An Itchy Pet Pop Quiz

Pets are frequently affected by Itchy skin, which can do much more than annoy your pet. The constant scratching and biting can cause raw skin and secondary infections. Our Woodinville Veterinary Hospital and Urgent Care Services team knows that an itchy pet can be frustrating, so we want to test your knowledge on the subject with a pop quiz. Hopefully, your pet won’t eat your homework!

Question: What is the most common cause of itchiness in pets?

Answer: Flea allergy dermatitis (FAD). Most pet owners think food allergies are the most common culprit, but FAD is the correct answer. 

FAD is caused by an allergy to compounds in the flea’s saliva, and a single flea bite can unleash a severely itchy reaction. The constant scratching, licking, and biting often leads to flea removal, and pet owners commonly can’t find fleas on their pet, which can confuse diagnosis. Flea dirt (i.e., flea excrement), which looks like tiny black flecks, is more commonly found in the pet’s coat and bedding. Treatment involves:

  • Flea eradication — Fleas must be completely removed from your pet and their environment, including your home and yard. Year-round flea control is imperative to prevent a reaction, and every household pet needs protection. 
  • Bathing — Bathing can help remove the fleas and flea dirt from your pet’s coat. Wait at least 48 hours after administering their flea prevention to ensure the product is properly absorbed.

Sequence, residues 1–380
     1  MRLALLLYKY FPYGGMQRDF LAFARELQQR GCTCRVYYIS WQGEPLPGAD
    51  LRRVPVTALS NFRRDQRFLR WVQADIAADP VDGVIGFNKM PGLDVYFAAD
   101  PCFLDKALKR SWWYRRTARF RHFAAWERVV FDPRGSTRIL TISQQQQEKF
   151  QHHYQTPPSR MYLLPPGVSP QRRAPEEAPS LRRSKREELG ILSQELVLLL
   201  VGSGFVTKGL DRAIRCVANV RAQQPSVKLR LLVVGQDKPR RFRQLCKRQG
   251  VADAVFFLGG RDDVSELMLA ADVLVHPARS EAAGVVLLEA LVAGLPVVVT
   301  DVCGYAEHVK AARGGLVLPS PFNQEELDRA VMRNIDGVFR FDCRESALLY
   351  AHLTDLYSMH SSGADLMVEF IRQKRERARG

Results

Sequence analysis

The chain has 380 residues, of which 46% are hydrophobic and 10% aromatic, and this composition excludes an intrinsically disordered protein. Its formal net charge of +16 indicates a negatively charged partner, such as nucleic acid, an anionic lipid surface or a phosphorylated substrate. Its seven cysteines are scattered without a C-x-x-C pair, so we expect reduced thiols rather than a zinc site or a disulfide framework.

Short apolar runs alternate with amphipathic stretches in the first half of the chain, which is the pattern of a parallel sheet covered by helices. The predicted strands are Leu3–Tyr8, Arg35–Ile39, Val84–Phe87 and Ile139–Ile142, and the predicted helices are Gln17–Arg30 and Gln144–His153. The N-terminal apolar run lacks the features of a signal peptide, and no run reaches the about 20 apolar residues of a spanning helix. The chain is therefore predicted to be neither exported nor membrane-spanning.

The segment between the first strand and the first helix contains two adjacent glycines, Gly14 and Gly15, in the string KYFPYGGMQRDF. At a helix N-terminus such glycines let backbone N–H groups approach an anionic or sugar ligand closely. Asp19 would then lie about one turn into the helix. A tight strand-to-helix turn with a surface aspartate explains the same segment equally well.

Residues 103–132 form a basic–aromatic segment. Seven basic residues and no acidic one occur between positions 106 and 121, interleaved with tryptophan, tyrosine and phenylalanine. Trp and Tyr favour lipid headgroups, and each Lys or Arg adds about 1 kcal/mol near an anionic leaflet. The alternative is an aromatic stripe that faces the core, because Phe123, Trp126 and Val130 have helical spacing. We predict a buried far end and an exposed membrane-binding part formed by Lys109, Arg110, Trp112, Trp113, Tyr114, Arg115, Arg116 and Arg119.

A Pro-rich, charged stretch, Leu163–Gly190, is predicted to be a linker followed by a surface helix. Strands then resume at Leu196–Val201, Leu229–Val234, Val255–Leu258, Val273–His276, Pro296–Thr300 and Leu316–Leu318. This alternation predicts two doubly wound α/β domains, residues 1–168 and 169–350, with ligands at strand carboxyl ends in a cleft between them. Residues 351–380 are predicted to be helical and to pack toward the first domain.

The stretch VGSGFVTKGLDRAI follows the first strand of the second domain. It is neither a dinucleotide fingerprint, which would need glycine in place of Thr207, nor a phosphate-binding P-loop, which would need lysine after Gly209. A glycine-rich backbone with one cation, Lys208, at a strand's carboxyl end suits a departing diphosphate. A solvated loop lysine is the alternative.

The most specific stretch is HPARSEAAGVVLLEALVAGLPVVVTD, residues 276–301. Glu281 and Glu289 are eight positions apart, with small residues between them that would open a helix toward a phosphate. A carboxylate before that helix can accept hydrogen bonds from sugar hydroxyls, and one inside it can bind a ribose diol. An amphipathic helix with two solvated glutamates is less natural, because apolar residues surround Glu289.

• Medication — We may prescribe medications, such as steroids or other anti-itch drugs, to alleviate your pet’s itchiness until their skin calms.

Question: What is the term used to describe environmental allergies in pets?

Answer: Atopy. Atopic pets are allergic to environmental allergens, such as grass and tree pollen, mold spores, and dust mites, and their weakened skin barrier allows the allergens to penetrate and cause an inflammatory response. 

Question: What are common reactive ingredients when a pet has a food allergy?

Answer: Proteins such as chicken, beef, eggs, and dairy. The pet food industry wants you to believe that simply changing your pet’s food to a grain-free diet will cure their itchiness, but most food-allergic pets are reacting to a protein.

Question: What are the distinguishing factors of pet allergies?

Answer: Different allergies manifest similarly in pets, but some distinguishing factors that can help in the diagnostic process include:

  • Flea dirt — If flea dirt is present, your pet likely has FAD.
  • Seasonality — If your pet experiences itchiness only during certain seasons, they likely are atopic.
  • Age of onset — Atopic pets typically start experiencing signs early in life (i.e., between 1 and 3 years of age), whereas food-allergic pets typically manifest signs before 6 months of age, or at 6 years or older.
  • Lesion distribution — The lesion distribution can help determine the cause of your pet’s itchiness:
  • FAD — Pets with FAD typically have skin lesions and hair loss on their lower back, inner thighs, and abdomen.